I found Hussain’s break-down of the three main discursive traps that dominate Western discourses on Islam particularly useful—what he calls Freedom Talk, Reason Talk, and Culture Talk. For example, in his description of Reason Talk, he describes the pervasive tendency to associate reason with a Euro-Western understanding of rationality, which not only denies that there are multiple types of rationality, but also places Muslims in an impossible bind. Either follow a proscribed path of Reformation, Enlightenment, and secularism, which requires various modes of “religion” be tamed, or remain outside the bounds of modern personhood. This trap sets an impossible standard, and one, moreover, that is constantly changing, leaving Muslims always on their heels. Rejecting these standards, Hussain envisions “Critical Islam” as a way to re-politicize Muslim voices, where different modes of truth and experience are hashed-out intersubjectively with non-Muslims in an ongoing conversation about the good life in the public sphere. In this way, Muslims are imagined as neither friend nor foe, but as critics in their own right to be taken seriously.
In the spirit of the open agora of the public sphere, I want to pose a series of questions to Hussain and others that I hope might spur further engagement.
I am curious to hear what Hussain thinks about the implications of politicizing Muslim voices qua Muslim. That is, how can we think about Muslim cultures, along with Islamic philosophy and theology, as both “religious” and at the same time not reducible to it? Is there a risk of over-determining Muslimness as essential to identity in this type of engagement, to the exclusion or minimization of political, “secular,” and cultural identities? Or is this perhaps part of the bind—that these things are tangled up to together and ought to be thought of as such? Is “Critical Islam” primarily a theological inheritance (i.e., a way of engaging with scriptural and ethical commentary grounded in the Islamic tradition writ large) or does it also include the entanglements of Muslim cultures with forms of secularization? Here I am thinking of Walter Benjamin’s Hegelian notion of translation as transformation into “secular” language (Aufhebung), where explicit references to God or scriptural authority become diffused within society in ways that no longer point to religion per se, but nonetheless retain elements of these traditions. In other words, does something have to be explicitly “Muslim” to be considered “Critical Islam”?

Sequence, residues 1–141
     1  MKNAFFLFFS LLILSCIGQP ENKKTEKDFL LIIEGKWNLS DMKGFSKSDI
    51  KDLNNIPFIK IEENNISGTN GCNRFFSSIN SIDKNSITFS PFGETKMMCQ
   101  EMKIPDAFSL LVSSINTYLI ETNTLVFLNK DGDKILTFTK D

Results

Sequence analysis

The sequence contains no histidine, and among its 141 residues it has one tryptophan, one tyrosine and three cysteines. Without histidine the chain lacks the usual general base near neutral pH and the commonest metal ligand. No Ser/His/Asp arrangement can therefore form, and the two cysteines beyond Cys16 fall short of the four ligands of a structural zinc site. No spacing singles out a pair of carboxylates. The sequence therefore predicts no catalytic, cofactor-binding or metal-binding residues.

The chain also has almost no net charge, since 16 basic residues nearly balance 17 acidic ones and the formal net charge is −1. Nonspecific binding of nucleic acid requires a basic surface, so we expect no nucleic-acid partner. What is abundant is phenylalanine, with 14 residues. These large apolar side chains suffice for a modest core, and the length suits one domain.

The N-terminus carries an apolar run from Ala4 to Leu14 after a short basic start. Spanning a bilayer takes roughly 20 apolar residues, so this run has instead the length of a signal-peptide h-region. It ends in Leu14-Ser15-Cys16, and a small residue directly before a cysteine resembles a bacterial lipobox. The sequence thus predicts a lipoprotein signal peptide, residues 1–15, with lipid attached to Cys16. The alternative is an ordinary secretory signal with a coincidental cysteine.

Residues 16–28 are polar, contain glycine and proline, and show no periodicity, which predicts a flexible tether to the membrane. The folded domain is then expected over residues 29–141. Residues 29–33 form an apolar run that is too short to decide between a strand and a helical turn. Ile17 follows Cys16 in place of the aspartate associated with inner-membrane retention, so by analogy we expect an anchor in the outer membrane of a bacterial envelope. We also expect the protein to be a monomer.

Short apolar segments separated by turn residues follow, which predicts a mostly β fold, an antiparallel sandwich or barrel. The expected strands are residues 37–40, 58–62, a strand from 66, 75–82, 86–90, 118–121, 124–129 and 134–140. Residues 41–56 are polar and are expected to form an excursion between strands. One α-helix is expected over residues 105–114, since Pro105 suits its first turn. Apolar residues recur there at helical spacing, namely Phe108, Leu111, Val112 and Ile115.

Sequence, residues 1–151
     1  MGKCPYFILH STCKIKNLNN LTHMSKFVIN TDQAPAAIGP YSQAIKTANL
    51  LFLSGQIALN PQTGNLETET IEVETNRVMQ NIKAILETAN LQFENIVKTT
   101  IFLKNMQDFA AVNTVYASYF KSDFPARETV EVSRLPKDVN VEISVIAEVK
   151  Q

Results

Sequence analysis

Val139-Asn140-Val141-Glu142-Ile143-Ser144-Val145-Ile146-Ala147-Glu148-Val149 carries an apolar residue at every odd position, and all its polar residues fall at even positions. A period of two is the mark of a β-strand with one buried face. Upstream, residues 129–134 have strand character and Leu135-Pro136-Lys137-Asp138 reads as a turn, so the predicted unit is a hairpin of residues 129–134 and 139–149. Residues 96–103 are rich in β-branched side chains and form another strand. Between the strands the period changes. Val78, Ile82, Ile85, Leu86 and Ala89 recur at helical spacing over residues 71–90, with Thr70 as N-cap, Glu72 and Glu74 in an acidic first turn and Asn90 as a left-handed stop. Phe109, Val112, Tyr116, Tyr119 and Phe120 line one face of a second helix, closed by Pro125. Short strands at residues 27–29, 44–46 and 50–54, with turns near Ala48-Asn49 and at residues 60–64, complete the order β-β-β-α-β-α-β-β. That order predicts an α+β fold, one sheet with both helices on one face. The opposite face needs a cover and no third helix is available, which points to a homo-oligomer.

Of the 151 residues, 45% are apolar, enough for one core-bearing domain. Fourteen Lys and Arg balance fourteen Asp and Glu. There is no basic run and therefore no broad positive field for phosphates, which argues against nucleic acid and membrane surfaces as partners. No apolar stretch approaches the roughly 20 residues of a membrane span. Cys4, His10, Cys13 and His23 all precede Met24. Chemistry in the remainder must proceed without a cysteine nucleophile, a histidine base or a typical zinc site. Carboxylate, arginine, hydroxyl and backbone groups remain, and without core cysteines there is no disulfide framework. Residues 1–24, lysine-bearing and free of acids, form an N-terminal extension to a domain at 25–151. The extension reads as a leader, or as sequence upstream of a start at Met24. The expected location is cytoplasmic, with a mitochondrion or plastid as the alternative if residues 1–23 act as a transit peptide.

I also wonder how the philosophical ideas that Hussain foregrounds might be translated into other domains that, for better or worse, are weary of explicitly humanist language, and may even be turned off by it because of the roll that normative thinking has played in the field? What I read in Hussain’s book and interview is an approach that has the potential to bridge diverging camps in the study of religion (let’s broadly call them normative vs. critically leaning) through a set of methods and theories that aim to avoid the type of binary thinking (good/bad Muslims) that assimilates Islamic thought into familiar modes of Western reason (through Reason Talk, Freedom Talk, and Culture Talk). Lastly, I wonder how Hussain might position his approach in relation to Jonathan Z. Smith’s dictum that scholars ought to work toward making the familiar strange by comparing normative models of religion with examples that push these boundaries, and allowing them to complicate one another? On my reading, there is a lot of Smith in “Critical Islam,” which speaks to the interests of many RSP guests and listeners.